COVID-19 Tips for Parents
Hamilton County Public Health (HCPH) is working to provide you with the most up-to-date information on this rapidly evolving situation. Click HERE to view the latest Coronavirus numbers in Hamilton County.
What is Known
- The virus causing COVID-19 is a new coronavirus that has not been previously identified and causes a respiratory illness ranging from a mild cold-like illness to severe pneumonia.
- Most (81%) of people diagnosed with COVID-19 in China have had mild illness.
- Similar to influenza (flu), the people who are most likely to develop severe illness and complications from COVID-19 are older individuals (>60 years old); those with other medical conditions (like heart and lung disease or diabetes); and individuals with weakened immune systems.
- There is no vaccine or treatment currently available for COVID-19. The National Institutes of Health has started the process of evaluating treatments and developing a vaccine already.
How the Virus Spreads
- COVID-19 is believed to spread primarily the same way the common cold or flu spreads—through respiratory droplets that are produced when someone coughs or sneezes.
- People who are most at risk of becoming infected with COVID-19 are those who have been in close contact (within about 6 feet) with someone who has the virus.
- People are thought to be most contagious when they are most symptomatic (the sickest).
- Some spread of the virus might be possible before a person has symptoms, but this is not thought to be the main way the virus spreads.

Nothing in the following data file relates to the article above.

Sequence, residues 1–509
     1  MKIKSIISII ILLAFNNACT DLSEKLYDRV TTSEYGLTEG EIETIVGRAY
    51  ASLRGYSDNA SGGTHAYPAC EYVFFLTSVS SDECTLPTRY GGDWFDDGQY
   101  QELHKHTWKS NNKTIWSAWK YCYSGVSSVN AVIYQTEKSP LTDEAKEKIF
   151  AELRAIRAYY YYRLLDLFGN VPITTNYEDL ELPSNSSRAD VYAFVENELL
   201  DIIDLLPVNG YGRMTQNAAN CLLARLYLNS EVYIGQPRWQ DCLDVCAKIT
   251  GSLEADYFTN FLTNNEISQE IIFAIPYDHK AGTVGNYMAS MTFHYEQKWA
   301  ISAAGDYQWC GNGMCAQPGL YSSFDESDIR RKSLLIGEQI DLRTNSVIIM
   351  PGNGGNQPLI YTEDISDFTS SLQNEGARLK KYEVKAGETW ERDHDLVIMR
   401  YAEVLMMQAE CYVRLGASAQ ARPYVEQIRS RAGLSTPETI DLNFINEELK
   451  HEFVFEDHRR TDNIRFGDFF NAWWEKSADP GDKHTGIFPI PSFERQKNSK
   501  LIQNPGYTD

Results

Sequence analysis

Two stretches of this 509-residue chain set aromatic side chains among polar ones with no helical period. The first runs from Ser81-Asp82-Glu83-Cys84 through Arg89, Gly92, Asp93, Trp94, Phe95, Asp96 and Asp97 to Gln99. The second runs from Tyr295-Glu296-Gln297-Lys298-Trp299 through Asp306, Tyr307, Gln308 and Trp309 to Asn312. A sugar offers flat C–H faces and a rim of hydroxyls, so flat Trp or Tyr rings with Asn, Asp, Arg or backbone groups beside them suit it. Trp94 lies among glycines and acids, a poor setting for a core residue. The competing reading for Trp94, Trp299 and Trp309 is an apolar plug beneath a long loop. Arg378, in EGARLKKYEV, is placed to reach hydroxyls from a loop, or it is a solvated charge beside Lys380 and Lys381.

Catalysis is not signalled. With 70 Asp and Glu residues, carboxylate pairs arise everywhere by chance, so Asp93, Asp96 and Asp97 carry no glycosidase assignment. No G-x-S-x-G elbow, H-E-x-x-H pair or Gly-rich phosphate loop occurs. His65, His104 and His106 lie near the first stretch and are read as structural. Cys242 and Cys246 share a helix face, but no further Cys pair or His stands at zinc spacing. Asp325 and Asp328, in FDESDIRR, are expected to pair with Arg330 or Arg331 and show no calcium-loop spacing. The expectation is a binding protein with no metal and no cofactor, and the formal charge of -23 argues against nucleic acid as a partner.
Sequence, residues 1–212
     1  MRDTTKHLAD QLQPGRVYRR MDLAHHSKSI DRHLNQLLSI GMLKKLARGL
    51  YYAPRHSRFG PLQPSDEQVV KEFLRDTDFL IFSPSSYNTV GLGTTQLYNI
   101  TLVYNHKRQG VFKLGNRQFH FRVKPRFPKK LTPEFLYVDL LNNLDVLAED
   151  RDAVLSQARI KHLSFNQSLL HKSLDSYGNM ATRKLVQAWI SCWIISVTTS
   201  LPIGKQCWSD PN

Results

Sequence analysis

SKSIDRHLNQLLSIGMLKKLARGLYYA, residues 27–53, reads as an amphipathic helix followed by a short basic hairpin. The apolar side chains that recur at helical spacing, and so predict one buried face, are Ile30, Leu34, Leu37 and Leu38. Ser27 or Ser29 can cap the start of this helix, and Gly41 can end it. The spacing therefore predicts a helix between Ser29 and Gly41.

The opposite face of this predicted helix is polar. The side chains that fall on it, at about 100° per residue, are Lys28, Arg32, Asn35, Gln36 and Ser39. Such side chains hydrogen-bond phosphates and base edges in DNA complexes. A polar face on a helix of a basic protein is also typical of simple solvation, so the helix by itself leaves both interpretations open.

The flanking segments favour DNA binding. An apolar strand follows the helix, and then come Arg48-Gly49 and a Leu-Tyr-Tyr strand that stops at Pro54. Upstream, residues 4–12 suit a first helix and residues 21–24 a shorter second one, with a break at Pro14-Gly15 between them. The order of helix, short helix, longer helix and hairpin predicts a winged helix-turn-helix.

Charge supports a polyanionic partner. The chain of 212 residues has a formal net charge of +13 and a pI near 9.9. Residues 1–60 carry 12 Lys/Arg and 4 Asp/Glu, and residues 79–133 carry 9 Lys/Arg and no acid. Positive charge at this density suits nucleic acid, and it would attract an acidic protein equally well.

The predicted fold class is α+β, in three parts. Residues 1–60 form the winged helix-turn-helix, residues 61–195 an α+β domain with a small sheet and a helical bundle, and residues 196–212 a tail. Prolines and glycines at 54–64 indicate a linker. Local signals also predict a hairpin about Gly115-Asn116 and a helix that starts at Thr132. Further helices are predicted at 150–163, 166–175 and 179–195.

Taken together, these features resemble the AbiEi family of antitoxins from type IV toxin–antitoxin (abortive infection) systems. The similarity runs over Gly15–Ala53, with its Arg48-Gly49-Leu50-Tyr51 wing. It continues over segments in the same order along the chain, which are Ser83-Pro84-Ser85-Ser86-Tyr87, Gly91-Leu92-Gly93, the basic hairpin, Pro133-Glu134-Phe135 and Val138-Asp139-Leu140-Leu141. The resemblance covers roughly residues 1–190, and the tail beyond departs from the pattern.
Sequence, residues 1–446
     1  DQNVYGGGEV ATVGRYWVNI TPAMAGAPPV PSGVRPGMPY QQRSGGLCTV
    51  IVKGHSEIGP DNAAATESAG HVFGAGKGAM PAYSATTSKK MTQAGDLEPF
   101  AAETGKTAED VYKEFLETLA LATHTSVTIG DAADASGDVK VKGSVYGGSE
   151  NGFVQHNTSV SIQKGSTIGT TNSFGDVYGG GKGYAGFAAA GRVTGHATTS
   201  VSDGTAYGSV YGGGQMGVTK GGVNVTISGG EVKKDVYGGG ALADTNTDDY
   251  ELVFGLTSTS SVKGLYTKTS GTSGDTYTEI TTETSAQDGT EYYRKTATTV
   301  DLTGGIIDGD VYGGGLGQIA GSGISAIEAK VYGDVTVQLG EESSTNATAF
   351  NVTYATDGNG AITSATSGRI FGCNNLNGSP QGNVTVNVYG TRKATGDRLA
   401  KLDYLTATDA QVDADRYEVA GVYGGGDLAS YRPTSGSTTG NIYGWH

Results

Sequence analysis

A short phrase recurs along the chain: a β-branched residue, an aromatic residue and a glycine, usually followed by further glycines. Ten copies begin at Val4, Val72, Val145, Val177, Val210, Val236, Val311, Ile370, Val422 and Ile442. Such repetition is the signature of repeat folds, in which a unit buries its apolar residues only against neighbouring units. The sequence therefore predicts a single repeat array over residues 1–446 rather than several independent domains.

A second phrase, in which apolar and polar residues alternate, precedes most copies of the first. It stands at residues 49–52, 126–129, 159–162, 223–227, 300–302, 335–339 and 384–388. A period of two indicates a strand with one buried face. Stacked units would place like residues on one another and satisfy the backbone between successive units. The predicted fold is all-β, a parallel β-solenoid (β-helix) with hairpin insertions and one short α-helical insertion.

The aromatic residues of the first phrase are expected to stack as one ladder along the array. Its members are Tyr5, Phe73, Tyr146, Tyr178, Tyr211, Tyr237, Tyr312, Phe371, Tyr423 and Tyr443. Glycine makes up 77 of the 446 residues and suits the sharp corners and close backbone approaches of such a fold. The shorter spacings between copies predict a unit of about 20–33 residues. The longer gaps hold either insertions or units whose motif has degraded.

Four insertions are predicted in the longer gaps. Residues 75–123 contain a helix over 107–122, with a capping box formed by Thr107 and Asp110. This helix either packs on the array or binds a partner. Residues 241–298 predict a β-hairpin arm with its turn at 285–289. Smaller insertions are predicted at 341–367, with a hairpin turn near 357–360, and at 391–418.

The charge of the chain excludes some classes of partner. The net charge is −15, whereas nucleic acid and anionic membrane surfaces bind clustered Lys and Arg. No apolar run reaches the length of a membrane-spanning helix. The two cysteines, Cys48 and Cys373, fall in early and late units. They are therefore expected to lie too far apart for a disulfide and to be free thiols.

What You Can Do Now
- Stay home. Only leave the house for essential trips (going to the grocery store, pharmacy, or to work if you are an essential employee).
- If you must leave home, bundle trips into one day to limit exposure.
- Maintain 6 foot social distance from others while in public.
- Teach children to always cover their cough and sneezes with a tissue or elbow.
- Handwashing is a very effective way to prevent sickness. Remind children to wash their hands with soap and water for at least 20 seconds after using the restroom, before they eat, and after they cough, sneeze, or blow their nose. Hand sanitizer is a good option to use if soap is not available.
- Tell children to avoid touching their mouth and nose or rubbing their eyes since that is how germs get into the body.
- Clean frequently touched surfaces and objects using everyday household disinfectants. High-touch surfaces like door knobs, toilet handles, and sink handles should be cleaned more often.
- Make a plan to designate a caregiver, such as a family member or neighbor, for a sick child(ren) if you can’t stay home.
- Find out your child’s school plan to communicate with you when needed, such as through call or text notification, emails, or checking their website.